Missing evidence, abundant questions

Disclosure failures surface in wrongful murder conviction

August 23, 1999|By Caitlin Francke and Scott Higham | Caitlin Francke and Scott Higham,Sun Staff

The demand for a new trial filed last week on behalf of a man wrongfully convicted of murder poses serious questions for Baltimore prosecutors and police: Who failed to disclose key evidence in the case, and how did evidence mysteriously surface four years after the homicide?

Detectives blame the state's attorney's office. Prosecutors blame the police. But so far, few answers have been provided about who is responsible for keeping the evidence from Antoine Jerome Pettiford.

"If ever there was a case which cried out for the mercy of the court, this is the case," Pettiford's attorney, Michelle M. Martz, wrote in the motion for a new trial filed Friday.

Martz's motion alleges that critical documents that could have helped clear Pettiford were not turned over. The information, which surfaced last month when The Sun examined Pettiford's case, is the latest in a series of revelations about evidence that was withheld from Pettiford. Martz successfully argued in July 1998 that evidence violations meant her client's first-degree murder conviction should be erased.

Martz is seeking to have a manslaughter conviction stricken from Pettiford's record -- a plea bargain he accepted so prosecutors would release him from jail.

If a new trial is granted, it could go a long way toward determining why the evidence was kept from the defense and who is to blame.

Officials at the state's attorney's office won't say what investigation they have done into the case, which was prosecuted by Nancy Pollack. Last month, while The Sun was questioning the state's attorney's office about the Pettiford case and preparing to publish its report, Pollack was forced to resign, say sources within the office. State's Attorney Patricia C. Jessamy, saying that personnel matters are confidential, said only that Pollack is no longer with the office.

Pollack had told her supervisors that she never saw one of the key documents that a judge said should have been turned over to the defense.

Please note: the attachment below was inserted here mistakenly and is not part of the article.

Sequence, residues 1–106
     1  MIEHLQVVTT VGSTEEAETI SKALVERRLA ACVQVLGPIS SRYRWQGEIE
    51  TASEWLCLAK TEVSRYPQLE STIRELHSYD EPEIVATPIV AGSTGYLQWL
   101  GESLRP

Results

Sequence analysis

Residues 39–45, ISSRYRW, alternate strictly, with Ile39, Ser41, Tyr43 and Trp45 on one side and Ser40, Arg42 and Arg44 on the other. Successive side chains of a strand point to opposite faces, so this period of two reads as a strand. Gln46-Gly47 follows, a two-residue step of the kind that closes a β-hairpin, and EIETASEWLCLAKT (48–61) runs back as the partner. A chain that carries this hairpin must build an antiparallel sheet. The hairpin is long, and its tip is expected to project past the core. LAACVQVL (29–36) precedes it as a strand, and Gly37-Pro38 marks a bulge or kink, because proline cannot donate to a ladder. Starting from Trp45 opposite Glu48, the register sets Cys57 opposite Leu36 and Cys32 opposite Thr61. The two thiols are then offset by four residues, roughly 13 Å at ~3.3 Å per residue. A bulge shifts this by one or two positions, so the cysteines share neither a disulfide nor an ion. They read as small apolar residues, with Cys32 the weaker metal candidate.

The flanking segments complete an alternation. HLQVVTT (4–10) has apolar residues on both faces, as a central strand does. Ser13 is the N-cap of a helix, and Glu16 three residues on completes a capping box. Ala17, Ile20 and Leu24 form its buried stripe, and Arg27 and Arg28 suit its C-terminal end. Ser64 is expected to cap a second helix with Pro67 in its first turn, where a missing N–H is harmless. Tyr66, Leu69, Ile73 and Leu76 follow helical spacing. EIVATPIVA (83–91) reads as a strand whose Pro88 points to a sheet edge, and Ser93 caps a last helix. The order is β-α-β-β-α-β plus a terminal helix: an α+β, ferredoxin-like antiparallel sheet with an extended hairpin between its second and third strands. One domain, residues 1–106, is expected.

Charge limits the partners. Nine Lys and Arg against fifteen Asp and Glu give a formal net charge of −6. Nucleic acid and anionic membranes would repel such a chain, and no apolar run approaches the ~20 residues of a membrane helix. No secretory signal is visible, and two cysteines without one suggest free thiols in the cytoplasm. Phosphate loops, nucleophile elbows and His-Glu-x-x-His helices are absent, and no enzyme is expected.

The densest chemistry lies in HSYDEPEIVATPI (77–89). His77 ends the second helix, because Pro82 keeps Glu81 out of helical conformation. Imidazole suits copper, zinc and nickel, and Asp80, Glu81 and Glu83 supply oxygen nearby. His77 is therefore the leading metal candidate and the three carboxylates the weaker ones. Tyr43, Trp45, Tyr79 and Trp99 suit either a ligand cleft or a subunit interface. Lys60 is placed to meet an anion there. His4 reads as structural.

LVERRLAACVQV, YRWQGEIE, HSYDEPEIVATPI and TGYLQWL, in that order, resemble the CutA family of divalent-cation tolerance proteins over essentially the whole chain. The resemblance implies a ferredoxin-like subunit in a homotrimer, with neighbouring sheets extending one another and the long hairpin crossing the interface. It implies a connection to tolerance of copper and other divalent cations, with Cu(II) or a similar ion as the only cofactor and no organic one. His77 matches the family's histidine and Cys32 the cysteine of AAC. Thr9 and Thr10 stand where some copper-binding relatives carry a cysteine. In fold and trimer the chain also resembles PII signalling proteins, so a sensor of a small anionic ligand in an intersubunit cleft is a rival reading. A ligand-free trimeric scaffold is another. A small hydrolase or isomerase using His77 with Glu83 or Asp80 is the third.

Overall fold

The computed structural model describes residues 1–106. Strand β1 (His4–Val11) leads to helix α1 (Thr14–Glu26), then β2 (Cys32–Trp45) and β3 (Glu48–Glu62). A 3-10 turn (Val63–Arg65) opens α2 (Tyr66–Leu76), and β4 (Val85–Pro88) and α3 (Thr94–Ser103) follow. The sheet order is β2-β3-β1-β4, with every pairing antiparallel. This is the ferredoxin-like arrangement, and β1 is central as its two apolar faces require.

Baltimore police say they questioned the detective who investigated the Pettiford case, Bobby Patton, and they believe his contention that he turned over the information.

So what happened?

The case began on April 30, 1994, when Oscar Edward Lewis Jr. was shot and killed on an East Baltimore street corner. The next day, Lewis' best friend, Dante Lamont Todd, provided homicide detectives with a detailed statement about the circumstances leading to the murder.

Todd told Detective Patton on May 1, 1994, that a man nicknamed "Meat" had threatened to kill him over missing drug money and that Lewis, while serving as Todd's bodyguard, was murdered as an act of revenge.

Todd returned twice to the homicide division with information. On July 7 and July 16, 1994, in interviews with detectives, Todd provided an address for "Meat," along with the names of other suspected gunmen in the shooting.

None of the information Todd provided was disclosed to Pettiford's first attorney, Walter Balint, before the trial, and it appears that the leads were not seriously investigated. Pettiford was convicted in June 1995 of first-degree murder and sentenced to life in prison.

The case began to unravel in 1996 when federal agents broke a cocaine and heroin ring in Baltimore. Two of the men arrested told the agents and federal prosecutors that they knew who killed Lewis -- Demetrius Smith, a man known on the streets as "Meat."

In May 1996, Smith pleaded guilty in federal court to arranging Lewis' murder. While refusing to name the men who helped him, Smith insisted that Pettiford had had nothing to do with the slaying.

Armed with the revelations from the federal case, Pettiford's new attorney, Michelle M. Martz, filed an appeal. She asked to see the police file under Maryland's public records act.

The city's legal department, which represents the Baltimore Police Department, agreed to disclose portions of the file to Martz.

The file provided to Martz included several previously undisclosed police reports, but it did not contain Todd's May 1, 1994, statement or notes that detectives took during the July 1994 interviews -- items that city lawyers say are routinely disclosed to fulfill public records requests in criminal cases on appeal.

During the appellate hearing last summer in Baltimore Circuit Court, Patton disclosed that Todd had given him a statement on

May 1, 1994, the day after the murder. He also said he provided the statement to Pollack, the prosecutor assigned to the case.

Martz said she was shocked by the news of Todd's statement. She told Judge Ellen M. Heller, who was presiding over the hearing, that she never knew of its existence until Patton testified.

Patton later insisted in an interview with The Sun that he had turned the statement over to Pollack and assumed that it had been given to Martz. Pollack told her supervisors that she never saw it.

Baltimore Sun Articles
Please note the green-lined linked article text has been applied commercially without any involvement from our newsroom editors, reporters or any other editorial staff.